The Advertising Standards Agency (ASA) ruled that GP at Hand ads were misleading because they failed to make clear that patients would have to quit their existing practice to sign up.
GP at Hand ads were also misleading because they gave the impression that people could sign up irrespective of where they lived, and because they claimed patients could 'sign up in three minutes' when in fact some patients waited 'a week or more' before they were registered.
GPC chair Dr Richard Vautrey said: 'The BMA has been vocal in its concerns about GP at Hand from the outset, and we are glad that someone is finally taking action and censuring the provider for the dubious way it operates.
'Not only does GP at Hand exploit out-of-area arrangements and cherry-pick healthy, young patients, but it has done so without being clear with the public from the beginning that by using the service they will be deregistering from their own GP.
'As the ASA ruling notes, patients are likely to assume this is a quick, convenient service that works in conjunction with their own GP, but the reality is far from this. By signing up with GP at Hand, patients will lose out on all of the advantages of being registered with a local practice – primarily face-to-face appointments with a familiar doctor who has full access to their medical record and can provide holistic, person-centred care from within the community.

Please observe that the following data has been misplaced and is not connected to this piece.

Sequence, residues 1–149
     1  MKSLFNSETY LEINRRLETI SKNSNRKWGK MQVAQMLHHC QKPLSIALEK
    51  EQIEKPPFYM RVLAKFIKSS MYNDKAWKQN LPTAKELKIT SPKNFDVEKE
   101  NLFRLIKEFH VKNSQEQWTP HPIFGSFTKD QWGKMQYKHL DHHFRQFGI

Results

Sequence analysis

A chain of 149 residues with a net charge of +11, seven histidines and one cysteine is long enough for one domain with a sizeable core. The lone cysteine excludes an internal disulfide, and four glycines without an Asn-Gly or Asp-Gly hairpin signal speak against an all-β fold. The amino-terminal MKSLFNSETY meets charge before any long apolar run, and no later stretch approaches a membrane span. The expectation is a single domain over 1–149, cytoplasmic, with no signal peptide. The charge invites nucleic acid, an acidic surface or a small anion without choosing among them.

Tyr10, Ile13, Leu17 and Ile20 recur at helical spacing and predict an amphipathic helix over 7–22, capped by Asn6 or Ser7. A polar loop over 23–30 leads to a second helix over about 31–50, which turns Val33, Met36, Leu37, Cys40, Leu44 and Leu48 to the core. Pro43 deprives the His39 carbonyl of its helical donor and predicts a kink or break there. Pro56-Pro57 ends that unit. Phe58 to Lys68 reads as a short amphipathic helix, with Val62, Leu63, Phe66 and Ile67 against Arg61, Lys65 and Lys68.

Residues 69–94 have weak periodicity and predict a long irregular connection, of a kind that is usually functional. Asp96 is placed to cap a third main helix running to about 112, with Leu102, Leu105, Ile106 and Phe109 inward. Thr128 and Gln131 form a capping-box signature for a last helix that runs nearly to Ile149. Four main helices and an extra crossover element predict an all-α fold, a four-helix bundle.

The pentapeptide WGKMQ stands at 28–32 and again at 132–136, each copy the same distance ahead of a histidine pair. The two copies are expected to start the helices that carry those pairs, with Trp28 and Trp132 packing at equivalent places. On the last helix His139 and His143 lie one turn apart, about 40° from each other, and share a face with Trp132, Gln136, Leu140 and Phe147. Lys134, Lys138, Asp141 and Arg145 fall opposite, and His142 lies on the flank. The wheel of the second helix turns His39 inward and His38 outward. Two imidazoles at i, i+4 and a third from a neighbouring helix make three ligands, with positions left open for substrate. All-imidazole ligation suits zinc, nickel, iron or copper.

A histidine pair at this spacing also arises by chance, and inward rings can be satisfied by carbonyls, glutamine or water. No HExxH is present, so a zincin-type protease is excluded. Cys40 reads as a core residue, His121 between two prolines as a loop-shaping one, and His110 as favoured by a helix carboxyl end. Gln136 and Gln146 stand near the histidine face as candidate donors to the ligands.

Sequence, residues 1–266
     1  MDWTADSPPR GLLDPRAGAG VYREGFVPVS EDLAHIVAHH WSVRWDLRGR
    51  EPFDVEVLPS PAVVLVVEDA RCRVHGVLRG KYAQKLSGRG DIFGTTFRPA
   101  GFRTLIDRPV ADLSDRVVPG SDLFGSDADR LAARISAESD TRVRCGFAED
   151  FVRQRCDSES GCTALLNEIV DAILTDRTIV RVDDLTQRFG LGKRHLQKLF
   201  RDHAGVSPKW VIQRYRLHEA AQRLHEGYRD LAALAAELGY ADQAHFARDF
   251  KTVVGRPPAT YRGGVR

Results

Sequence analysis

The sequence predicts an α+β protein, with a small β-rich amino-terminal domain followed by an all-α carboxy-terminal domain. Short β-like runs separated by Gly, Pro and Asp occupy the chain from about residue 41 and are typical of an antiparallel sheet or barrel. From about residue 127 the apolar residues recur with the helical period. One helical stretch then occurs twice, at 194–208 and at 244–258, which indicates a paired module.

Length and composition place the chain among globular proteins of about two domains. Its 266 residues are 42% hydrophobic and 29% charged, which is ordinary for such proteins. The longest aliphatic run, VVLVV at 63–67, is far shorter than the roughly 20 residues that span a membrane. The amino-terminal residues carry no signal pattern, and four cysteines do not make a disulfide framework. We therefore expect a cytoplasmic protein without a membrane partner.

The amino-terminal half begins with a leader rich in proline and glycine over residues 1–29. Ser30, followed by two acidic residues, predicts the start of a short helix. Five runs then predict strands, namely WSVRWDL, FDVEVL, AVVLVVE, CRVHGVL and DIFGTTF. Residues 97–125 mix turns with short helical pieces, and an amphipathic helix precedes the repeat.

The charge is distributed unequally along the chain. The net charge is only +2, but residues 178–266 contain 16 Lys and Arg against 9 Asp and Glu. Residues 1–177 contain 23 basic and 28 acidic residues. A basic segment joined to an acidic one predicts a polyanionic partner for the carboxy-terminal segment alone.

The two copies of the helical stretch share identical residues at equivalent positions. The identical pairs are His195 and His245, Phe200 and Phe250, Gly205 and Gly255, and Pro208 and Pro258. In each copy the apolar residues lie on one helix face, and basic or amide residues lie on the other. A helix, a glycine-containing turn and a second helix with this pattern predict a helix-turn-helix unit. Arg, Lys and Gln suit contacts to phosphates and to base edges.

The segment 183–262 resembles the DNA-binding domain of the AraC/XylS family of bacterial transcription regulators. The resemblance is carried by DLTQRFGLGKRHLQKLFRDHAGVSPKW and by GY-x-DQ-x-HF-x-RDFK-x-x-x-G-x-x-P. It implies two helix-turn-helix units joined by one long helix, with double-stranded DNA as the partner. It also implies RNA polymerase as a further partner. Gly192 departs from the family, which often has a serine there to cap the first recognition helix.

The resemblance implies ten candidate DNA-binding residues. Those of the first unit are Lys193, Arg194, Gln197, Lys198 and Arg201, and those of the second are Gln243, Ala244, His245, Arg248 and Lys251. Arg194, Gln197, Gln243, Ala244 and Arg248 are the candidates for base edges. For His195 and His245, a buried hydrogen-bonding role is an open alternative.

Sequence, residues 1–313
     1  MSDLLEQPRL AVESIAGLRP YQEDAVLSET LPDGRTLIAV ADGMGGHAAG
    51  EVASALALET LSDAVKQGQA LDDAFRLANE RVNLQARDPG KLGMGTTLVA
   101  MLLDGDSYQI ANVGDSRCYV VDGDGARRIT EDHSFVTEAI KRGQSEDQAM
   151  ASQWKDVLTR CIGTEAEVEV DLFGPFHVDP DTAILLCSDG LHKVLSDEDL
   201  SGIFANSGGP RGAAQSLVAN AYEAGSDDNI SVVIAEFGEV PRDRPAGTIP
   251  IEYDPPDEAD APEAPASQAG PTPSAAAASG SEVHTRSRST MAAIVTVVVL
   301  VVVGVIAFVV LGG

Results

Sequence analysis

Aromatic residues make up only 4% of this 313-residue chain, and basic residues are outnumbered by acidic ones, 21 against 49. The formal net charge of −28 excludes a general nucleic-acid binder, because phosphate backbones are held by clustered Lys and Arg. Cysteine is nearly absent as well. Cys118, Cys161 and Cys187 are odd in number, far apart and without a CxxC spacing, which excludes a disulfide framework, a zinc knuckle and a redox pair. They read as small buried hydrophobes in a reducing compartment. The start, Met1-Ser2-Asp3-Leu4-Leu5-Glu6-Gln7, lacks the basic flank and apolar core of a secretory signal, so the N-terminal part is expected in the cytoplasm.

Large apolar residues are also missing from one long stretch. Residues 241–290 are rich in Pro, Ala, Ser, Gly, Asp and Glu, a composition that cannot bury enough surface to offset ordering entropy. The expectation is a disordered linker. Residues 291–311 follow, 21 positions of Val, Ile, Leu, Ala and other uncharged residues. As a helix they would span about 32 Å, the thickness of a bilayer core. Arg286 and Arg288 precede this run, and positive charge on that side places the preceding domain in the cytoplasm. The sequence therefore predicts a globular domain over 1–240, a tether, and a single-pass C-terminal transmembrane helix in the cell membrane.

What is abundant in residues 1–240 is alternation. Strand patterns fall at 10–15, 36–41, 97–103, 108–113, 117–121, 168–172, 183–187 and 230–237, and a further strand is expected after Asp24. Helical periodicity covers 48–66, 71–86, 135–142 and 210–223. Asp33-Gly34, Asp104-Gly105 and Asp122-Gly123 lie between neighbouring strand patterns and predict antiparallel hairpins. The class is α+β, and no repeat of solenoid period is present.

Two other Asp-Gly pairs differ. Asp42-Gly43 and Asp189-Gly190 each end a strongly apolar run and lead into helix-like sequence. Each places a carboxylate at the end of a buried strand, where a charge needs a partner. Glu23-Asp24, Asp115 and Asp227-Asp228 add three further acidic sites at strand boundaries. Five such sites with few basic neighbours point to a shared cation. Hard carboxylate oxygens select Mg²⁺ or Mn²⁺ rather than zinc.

'Local practices must therefore be supported in embracing technology and providing online consultations to their own patients. GPs are not anti-tech – but innovation must not come at the expense of the high-quality, expert care being provided to patients in surgeries up and down the country.'
The ASA said posters featuring the misleading claims appeared on London Underground trains between November 2017 and February 2018.
However, a GP at Hand spokesperson said its claim that patients could see an NHS-registered GP ‘in minutes, for free, 24/7’ was 'indeed something you can do once you’ve registered as a GP at Hand member'.
The spokesperson added: 'The sign-up process and eligibility criteria are clearly explained in detail via our app and website.
'Insurance advertisements, for example, are not required to specify that prospective policy holders need to "register" or "apply" in order to obtain cover,' the spokesperson said. 'We think the process of "registering" is self-evident and clearly understood by the public. The ASA took a different view, however.'
GP at Hand has made 'some minor changes' to its advertising to make 'the sign-up process and eligibility criteria even clearer'.
Health and social care secretary Matt Hancock said last month that GP at Hand should be available across England - but GP leaders warned that a national rollout of the service risked destabilising existing practices. In London, the service - which excludes some patients with complex needs - has attracted thousands of predominantly young patients.